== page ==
Wearable Ultrasound Device | Cardiac Imaging
It is important to be able to take pictures of the heart's functions continuously in order to monitor heart health over time, detect problems quickly, and take care of sick or surgical patients. However, current methods for taking these pictures are not easy to use and do not provide continuous measurements. Other devices that can be worn on the body can only measure signals on the skin. To address this problem, a research group from the University of California San Diego has created a new portable ultrasound device for continuous, real-time and direct assessment of cardiac function.
In addition, they've developed a deep learning model that automatically extracts the left ventricular volume from the continuous image recording, yielding waveforms of key cardiac performance indices such as stroke volume, cardiac output and ejection fraction. This technology enables dynamic wearable monitoring of cardiac performance with substantially improved accuracy in various environments.
Function and possibilities of the wearable cardiac ultrasound device
The wearable ultrasound imager uses piezoelectric transducer arrays, liquid metal composite electrodes, and triblock copolymer encapsulation. It has an orthogonal configuration and a center resonant frequency of 3 MHz for deep tissue imaging. The high-density multilayered stretchable electrodes are made of a composite of eutectic gallium–indium liquid metal and SEBS, which is highly conductive and easy to pattern. The device also has electromagnetic shielding, low dielectric loss, wide bandwidth, and high stretchability, making it suitable for maintaining intimate contact with the skin over a large area.
This innovative device was evaluated based on five crucial metrics for anatomical imaging: spatial resolutions, signal-to-noise ratio, location accuracies, dynamic range, and contrast-to-noise-ratio. The transmit beamforming strategy was compared among three different strategies: plane-wave, mono-focus and wide-beam compounding. Wide-beam compounding strategy was found to have the best quality with an expanded sonographic window. The device also used a receive beamforming strategy to further improve image quality.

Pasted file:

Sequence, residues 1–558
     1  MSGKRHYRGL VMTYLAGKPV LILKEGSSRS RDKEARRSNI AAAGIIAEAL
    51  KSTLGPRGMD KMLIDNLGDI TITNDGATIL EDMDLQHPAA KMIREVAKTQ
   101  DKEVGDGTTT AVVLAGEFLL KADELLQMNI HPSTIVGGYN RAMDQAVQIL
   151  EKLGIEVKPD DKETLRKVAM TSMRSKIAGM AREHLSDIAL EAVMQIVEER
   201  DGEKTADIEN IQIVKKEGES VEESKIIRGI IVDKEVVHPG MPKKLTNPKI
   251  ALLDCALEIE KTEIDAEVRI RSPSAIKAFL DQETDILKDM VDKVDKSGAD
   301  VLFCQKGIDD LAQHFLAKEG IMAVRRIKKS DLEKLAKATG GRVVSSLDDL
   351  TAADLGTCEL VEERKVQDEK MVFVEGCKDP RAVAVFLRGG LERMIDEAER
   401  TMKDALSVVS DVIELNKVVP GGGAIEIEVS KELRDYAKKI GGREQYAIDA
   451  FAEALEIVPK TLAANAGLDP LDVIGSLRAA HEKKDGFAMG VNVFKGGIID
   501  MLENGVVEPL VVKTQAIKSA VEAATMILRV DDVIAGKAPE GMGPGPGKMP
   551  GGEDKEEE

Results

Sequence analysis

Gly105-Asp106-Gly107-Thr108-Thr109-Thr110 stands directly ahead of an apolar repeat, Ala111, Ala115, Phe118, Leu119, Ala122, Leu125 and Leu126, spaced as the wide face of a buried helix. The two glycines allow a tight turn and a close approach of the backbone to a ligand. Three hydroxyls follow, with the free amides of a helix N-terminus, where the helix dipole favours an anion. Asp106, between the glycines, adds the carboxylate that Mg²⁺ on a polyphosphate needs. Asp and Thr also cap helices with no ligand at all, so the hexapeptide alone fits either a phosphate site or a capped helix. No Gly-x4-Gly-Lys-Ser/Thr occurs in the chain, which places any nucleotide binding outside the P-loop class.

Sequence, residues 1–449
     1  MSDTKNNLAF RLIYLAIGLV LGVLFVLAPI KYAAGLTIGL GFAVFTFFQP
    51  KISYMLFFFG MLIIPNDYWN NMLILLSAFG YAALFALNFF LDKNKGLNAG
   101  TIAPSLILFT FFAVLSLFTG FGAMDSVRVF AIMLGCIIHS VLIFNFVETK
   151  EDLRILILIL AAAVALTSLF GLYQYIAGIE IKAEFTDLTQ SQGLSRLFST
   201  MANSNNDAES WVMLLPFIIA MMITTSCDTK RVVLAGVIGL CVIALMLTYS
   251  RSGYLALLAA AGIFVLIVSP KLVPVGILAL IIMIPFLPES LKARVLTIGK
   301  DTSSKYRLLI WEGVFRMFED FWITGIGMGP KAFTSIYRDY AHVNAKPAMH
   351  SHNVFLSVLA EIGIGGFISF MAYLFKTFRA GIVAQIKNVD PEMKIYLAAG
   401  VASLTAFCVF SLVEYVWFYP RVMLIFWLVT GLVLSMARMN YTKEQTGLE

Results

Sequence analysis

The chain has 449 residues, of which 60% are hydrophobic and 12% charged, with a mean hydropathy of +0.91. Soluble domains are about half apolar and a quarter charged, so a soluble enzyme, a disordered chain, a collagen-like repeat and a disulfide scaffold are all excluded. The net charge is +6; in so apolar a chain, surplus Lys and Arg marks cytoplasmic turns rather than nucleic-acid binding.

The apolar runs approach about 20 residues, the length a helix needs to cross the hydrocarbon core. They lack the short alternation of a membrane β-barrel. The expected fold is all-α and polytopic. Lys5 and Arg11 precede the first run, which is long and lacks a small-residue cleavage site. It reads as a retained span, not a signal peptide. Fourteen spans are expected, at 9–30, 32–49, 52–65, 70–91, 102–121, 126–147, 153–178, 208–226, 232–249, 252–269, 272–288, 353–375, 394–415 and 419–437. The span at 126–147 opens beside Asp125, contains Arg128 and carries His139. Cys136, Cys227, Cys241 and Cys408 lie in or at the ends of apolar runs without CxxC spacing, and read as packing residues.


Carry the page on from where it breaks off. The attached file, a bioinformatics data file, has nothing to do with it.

The wide-beam compounding achieved a synthetic focusing effect, high acoustic intensity across the entire insonation area, and the best signal-to-noise ratio and spatial resolutions. Moreover, the location accuracies of the device in the axial and lateral directions are 96.01% and 95.90%, respectively, indicating excellent location accuracies. The dynamic range of the device was 63.2 dB and contrast-to-noise ratio of the device ranges from 0.63 to 2.07. The performance of the wearable imager is comparable with that of the commercial device.
Extensive possibilities, stability and reliability
So, the device was tested and compared to a commercial device in four primary views of echocardiography, including apical four-chamber view, apical two-chamber view, parasternal long-axis view, and parasternal short-axis view. The results of the wearable device were found to be comparable to the commercial device, and the device was able to capture important cardiac features such as contractile function of the myocardium.
The study also used a three-dimensional scanner to collect the chest curvature to compensate for element position shifts within the wearable imager and thus correct phase distortion during transmit and receive beamforming. It also used motion-mode (M-mode) images to track activities over time in a one-dimensional target region, and correlated the mechanical activities in the M-mode images with the electrical activities in the electrocardiogram.
To sum up: The portable device is able to record cardiac activities before, during, and after exercise with minimal motion artefacts. Furthermore, it is able to capture changes in the left ventricular internal diameter end systole and left ventricular internal diameter end diastole during exercise and recovery stages. The device also captured patterns of deep breathing. Plus: The device was tested on different subjects and found to be stable and reliable.